WAS IT LACK OF WINTER CHILL?
I first thought it was because my block didn’t get enough cold hours in winter. Apricot trees need 200-500 hours below 7°C in winter (depending on the variety) to stimulate flowering buds in spring. I sourced some varieties that were fruiting in Thames and Auckland, with similar chill hours to mine. None produced fruit.
Patience isn’t my strong suit, but I waited. I waited 15 years and still only got a handful of fruit.
My dad believes severe summer pruning stimulates fruit production. I bet him a bottle of whiskey it didn’t and let him loose with a chainsaw on a tree. I didn’t have to buy the whiskey.
There’s a saying that apricots only grow where there’s gold in the soil. It’s true apricots flourish in Otago (site of NZ’s largest gold mine), and originate from the world’s largest gold producing country, China. But even if there’s truth to it, I’ve never had gold to spare, and certainly not for apricots.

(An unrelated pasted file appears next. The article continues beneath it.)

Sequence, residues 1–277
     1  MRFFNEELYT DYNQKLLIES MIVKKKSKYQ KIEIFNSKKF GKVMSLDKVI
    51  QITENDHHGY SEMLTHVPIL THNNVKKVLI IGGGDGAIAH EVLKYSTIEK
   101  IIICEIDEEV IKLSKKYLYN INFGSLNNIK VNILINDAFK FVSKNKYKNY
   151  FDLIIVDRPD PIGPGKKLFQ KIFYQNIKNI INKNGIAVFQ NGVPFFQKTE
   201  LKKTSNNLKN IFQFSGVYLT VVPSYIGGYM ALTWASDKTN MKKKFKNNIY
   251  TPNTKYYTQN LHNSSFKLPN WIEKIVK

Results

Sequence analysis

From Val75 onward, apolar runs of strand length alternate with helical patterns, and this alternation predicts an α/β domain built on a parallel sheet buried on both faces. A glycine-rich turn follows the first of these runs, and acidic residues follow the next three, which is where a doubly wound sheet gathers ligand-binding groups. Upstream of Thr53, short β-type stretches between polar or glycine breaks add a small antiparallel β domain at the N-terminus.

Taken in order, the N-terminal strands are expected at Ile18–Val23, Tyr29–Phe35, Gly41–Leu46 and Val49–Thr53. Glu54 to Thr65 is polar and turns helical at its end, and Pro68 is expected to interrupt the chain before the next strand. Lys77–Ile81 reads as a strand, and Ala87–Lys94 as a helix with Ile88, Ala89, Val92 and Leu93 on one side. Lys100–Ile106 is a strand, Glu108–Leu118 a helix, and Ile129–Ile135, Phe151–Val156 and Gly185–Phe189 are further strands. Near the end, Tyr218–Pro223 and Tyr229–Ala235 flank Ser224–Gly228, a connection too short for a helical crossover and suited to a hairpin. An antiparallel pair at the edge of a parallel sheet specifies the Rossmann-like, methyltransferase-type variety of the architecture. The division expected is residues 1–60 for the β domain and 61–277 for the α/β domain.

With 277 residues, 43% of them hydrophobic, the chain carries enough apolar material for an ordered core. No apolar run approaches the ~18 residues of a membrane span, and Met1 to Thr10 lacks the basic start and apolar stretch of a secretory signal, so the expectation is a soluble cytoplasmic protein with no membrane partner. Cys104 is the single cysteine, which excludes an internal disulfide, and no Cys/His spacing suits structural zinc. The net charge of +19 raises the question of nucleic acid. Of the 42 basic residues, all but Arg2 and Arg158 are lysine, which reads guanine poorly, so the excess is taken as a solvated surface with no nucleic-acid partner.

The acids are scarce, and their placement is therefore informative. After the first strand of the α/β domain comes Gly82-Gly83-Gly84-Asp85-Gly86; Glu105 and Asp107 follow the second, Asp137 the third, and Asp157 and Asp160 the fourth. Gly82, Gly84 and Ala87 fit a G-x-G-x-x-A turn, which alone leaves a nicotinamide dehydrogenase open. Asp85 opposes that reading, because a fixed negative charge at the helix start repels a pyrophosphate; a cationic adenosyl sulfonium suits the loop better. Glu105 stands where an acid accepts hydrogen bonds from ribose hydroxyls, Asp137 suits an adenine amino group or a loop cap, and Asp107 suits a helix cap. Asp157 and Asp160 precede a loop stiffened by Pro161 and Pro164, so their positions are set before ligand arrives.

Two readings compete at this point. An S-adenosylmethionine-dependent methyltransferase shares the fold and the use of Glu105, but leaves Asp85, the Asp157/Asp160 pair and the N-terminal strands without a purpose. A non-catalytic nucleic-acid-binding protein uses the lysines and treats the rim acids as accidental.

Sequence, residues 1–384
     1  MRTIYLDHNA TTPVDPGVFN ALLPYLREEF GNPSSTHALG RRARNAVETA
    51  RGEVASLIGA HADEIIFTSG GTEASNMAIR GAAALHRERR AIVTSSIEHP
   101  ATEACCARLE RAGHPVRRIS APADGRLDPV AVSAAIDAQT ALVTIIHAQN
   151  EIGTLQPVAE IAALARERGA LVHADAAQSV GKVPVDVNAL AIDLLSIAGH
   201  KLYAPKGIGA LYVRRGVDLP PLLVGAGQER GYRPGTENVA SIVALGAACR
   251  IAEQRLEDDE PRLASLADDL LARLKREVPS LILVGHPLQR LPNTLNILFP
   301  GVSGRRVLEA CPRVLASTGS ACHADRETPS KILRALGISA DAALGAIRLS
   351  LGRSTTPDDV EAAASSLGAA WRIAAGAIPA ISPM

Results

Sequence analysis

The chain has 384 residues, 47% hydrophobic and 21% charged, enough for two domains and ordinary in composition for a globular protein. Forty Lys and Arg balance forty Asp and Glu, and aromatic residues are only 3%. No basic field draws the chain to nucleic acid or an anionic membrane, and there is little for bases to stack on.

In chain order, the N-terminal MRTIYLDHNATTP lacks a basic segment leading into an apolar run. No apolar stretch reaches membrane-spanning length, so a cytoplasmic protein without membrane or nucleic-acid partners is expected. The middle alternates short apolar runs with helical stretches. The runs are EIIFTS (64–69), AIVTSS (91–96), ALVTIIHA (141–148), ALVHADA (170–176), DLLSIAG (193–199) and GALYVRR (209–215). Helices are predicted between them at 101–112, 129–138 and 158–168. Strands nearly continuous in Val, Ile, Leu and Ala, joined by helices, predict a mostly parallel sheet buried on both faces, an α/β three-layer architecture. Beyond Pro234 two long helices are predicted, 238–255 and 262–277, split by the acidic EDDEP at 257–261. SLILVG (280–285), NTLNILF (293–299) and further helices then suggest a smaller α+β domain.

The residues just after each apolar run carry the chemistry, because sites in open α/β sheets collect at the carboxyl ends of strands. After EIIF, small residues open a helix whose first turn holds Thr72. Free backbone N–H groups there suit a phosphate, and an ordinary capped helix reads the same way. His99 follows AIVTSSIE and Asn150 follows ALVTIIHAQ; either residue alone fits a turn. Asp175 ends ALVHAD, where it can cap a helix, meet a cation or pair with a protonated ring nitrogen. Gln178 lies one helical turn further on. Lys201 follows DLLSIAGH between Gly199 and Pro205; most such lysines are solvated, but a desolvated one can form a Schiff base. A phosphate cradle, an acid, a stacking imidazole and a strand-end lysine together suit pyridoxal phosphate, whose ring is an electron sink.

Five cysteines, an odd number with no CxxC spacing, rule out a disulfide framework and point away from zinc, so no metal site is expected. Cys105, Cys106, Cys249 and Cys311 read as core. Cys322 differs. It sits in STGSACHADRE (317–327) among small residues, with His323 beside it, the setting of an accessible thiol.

However, I did supplement the soil with trace minerals and held back on nitrogen. Still no fruit. Perhaps, one friend suggested, it was because my soil was too deep?
In Otago, apricots grow in shallow soils with rocky pans blocking deep root growth. I planted over a high-water table, the best I could do to imitate a rocky pan. The seedling trees died due to waterlogged roots. The grafted ones survived but still didn’t fruit.
With 19 varieties and the same number again of seedling-grown trees, I was confident I had that covered and could discount it.
Finally, a friend of a friend told me about a commercial variety grown for Waikato conditions. It’s specially bred and covered by plant variety rights (PVR). I begged, agreed never to propagate from it, and managed to get two Kioto® apricot trees.
I planted one in the orchard and one in a paddock and gave them my standard super mulch. Within a season, they were fruiting, proving all I needed was the variety that best suited the subtleties of my climate.